Banks around the world are sounding the death knell for traditional trade finance instruments, with the vast majority expecting a sharp decline in their usage over the coming year. The main problem is compliance and regulations plus the general de-risking of banks (less lending), cutting ties with correspondence banks etc.
The annual Rethinking Trade Finance report from the International Chamber of Commerce (ICC)’s Banking Commission found that “the long-anticipated disappearance of the documentary letter of credit” is in sight, with 80% of those surveyed expecting little or no growth in those tools.
The move towards open account trading has been continuous over the past decade and is expected to continue apace. The ICC found that letters of credit (LCs) will continue to be important for 10% of global merchandise trade – which is still a sizeable volume of trade – but that banks around the world are looking beyond them.
Unsurprisingly, the survey shows that 2016 was a flat year for global trade, and thus, global trade finance. Swift trade finance message data for the year was down by 4.72% last year, which was a slight improvement on the previous year. This reflects the ongoing slump in global trade – according to the WTO, merchandise trade was down 1.7% in 2016.
The trend of unmet demand for trade finance also continues. 61% of banks perceived that there is more demand for trade finance than there is supply. This ties in with concerns over compliance and regulation, and the ongoing trend of banks severing correspondent banking relationships and the stemming of the flow of capital to emerging markets.
Dominic Broom, global head of trade sales at BNY Mellon and member of the ICC’s Banking Commission, tells GTR that figures for 2017 are looking healthier, but that there are a “confluence of depressed demands” that have had a drag on global trade for the past few years.
He says: “Particularly from developing countries, in terms of commodity imports… In the case of China, importing a lot of raw materials to fuel the frenetic pace of construction over the last 20 years, which has recently slowed down. That’s had an effect on the use of documentary credits, given that so much of the activity in the commodity sector is done on LC terms. When things slow down in a major economy like China, you will see the knock on effect.”
However, Broom has seen a “resurgence in demand for traditional trade finance facilities” in Asean countries such as Indonesia, the Philippines and Vietnam.
He adds: “2017 is looking to be a better year than years post the financial crisis. But the political aspect still casts a shadow, in that there hasn’t been a new global trade round or treaty of note for some time. In the past, these have proven to be a boost to global trade.
“Physical supply chain activity across multiple borders has probably reached its apex and the future growth for economies, looking at India and China, is on the services side of the economy. Payment and settlement for those services, which are a form of trading, albeit not physical goods, tends to be on open account and not LC, because of the absence of underlying physical goods.”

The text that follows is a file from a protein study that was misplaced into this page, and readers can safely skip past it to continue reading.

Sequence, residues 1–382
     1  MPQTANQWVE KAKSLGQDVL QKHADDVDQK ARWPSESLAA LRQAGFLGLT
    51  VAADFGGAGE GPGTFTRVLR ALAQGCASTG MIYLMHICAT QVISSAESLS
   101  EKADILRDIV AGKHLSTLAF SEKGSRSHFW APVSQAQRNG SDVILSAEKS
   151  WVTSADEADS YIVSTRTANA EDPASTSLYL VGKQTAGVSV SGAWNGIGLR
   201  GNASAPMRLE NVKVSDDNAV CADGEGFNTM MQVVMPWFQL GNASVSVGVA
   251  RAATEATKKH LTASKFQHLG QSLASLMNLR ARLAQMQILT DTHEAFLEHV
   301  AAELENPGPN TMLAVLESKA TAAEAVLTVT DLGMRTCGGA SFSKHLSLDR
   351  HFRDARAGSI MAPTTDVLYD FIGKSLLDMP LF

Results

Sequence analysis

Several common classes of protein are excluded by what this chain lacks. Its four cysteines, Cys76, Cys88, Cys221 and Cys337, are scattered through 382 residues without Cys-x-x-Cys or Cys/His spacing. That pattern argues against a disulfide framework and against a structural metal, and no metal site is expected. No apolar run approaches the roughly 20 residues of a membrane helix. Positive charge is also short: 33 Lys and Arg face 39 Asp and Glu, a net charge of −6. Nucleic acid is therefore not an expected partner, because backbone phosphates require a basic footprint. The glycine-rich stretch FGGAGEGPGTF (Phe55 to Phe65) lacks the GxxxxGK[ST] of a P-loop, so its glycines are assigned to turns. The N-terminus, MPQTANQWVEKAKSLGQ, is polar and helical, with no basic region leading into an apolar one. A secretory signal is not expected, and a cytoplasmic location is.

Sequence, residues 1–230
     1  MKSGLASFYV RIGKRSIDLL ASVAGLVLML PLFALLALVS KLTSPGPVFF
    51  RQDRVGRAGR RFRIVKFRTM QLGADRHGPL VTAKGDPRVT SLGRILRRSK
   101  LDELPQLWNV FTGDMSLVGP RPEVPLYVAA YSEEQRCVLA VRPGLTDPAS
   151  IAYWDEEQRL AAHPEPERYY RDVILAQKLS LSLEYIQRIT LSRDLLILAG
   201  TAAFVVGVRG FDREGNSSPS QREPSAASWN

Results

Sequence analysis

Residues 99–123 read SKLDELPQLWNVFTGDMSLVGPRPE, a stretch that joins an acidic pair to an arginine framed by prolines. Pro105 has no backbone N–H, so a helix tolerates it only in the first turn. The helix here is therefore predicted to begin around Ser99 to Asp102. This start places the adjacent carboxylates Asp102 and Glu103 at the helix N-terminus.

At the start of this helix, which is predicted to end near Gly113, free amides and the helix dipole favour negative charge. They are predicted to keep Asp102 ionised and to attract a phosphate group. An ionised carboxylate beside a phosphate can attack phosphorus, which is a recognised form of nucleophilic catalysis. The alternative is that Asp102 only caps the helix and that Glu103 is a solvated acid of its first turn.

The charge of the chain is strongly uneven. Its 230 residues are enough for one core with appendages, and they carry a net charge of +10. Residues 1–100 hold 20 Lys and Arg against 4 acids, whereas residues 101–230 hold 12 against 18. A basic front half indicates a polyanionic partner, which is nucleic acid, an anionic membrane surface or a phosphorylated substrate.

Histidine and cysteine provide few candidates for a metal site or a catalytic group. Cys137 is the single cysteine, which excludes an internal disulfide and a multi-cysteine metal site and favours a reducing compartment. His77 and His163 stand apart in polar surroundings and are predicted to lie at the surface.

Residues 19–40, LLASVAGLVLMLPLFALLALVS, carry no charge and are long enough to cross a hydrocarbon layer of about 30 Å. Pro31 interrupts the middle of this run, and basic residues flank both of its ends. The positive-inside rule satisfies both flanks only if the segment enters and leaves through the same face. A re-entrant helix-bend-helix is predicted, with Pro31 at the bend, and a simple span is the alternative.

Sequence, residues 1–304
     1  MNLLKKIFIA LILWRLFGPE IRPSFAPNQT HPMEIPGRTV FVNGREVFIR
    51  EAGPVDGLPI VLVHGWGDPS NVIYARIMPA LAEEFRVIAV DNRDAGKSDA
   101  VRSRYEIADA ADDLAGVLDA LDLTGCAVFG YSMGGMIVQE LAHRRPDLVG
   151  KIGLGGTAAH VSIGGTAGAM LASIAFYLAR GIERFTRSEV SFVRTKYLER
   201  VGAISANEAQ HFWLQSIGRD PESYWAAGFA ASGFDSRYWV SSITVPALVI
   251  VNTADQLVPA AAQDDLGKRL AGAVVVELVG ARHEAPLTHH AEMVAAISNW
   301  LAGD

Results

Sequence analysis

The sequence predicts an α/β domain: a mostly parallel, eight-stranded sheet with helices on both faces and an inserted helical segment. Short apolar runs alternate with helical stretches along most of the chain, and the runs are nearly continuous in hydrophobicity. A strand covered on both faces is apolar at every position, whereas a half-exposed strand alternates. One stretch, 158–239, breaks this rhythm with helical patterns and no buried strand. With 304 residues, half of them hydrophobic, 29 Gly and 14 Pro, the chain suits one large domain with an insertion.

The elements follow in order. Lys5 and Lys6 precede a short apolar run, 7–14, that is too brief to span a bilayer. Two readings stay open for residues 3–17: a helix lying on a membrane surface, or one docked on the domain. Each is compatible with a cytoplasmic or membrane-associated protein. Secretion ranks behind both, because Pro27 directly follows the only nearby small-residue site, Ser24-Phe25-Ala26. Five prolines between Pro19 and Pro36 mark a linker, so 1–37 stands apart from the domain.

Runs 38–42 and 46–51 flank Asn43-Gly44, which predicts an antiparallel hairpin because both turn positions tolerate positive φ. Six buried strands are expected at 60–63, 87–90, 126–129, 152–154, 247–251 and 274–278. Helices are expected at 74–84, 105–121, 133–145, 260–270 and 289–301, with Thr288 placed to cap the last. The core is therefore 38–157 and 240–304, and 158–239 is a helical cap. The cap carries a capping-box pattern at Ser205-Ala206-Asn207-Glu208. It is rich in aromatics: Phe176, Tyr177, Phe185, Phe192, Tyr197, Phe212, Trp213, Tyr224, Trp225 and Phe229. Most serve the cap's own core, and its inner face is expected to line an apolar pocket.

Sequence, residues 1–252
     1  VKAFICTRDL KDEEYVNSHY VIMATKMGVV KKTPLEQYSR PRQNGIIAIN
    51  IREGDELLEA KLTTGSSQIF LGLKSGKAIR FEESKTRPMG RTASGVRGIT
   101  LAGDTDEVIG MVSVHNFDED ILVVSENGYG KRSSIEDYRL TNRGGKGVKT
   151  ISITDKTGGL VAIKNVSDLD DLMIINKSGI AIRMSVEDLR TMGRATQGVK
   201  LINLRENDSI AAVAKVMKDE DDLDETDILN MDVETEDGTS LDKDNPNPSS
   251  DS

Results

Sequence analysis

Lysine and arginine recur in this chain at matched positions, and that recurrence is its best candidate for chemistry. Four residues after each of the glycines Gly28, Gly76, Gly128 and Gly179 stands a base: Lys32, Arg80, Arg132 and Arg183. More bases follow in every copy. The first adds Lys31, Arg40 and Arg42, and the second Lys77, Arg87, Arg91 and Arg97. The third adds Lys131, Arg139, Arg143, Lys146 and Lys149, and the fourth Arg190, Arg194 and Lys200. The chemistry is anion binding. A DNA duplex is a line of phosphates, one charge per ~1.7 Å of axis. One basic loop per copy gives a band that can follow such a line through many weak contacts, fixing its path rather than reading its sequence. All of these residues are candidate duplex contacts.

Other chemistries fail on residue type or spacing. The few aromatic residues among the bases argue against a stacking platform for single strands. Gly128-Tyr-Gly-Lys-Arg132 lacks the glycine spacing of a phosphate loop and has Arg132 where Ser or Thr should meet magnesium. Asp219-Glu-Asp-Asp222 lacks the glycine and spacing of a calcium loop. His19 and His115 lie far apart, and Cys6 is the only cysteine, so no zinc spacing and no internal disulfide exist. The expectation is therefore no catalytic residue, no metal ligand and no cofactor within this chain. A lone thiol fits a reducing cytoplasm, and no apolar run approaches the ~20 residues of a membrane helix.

The top three concerns among the banks surveyed were compliance requirements (29.7%), increasing regulation (20.7%) and increasing protectionist and trade-restrictive measures (17.9%).
Meanwhile, the area highlighted as having the greatest potential for growth in trade finance was supply chain finance, with 38.4% of those polled considering it the most fertile growth area. Well over 50% of banks are either prioritising supply chain finance programmes, or are considering rolling out programmes.
Fintech and digitalisation are talking points, but perhaps not the pressing issues many in the industry believe they are. Just 12% of those surveyed perceive market uptake of fintech, with 40% seeing some progress in digitalisation. Furthermore, just 1.4% view fintech companies as competitors and a threat to banks in trade finance, while only 18% feel that “technical capabilities and technology are ahead of trade finance business practice”.
This is surprising, given the perceived traditional nature of trade finance, the amount of paper and labour involved in transactions, and the many instances of fraud, which has involved the manipulation of traditional trade documents.
However, Broom thinks that in an industry as complex and process-driven as trade finance, the slow-burn introduction of digital techniques is natural, but will accelerate in the coming years.
“You have to contrast today’s uptake of digitalisation with its future potential, given that the global trade business is in transition. It’s following the more simple formats of payments, but why is trade tech adoption slower? Because your average end-to-end transaction is more complex, involving many more players than your average cross-border payment,” he tells GTR.
He adds: “That complexity has to be taken into consideration, including the very close links to trade finance, by its nature between the physical goods and the financing. The vast majority of traditional trade finance is still done in very tried and tested formats, but fintechs, such as R3 (Blockchain consortium) and Trade IX, among many others, looking deeply into this space: proof that it’s perceived to be an interesting place to be.
“I think distributed ledgers have the potential to enhance the way trade is transacted and documented, that leads into another interesting area of compliance and regulatory view of trade finance. If you have an inviolable ledger of the transaction from end to end, it has the potential to solve a number of the concerns that exist in international transactional activity.”
You can read the full ICC report here.
Source: Global Trade Finance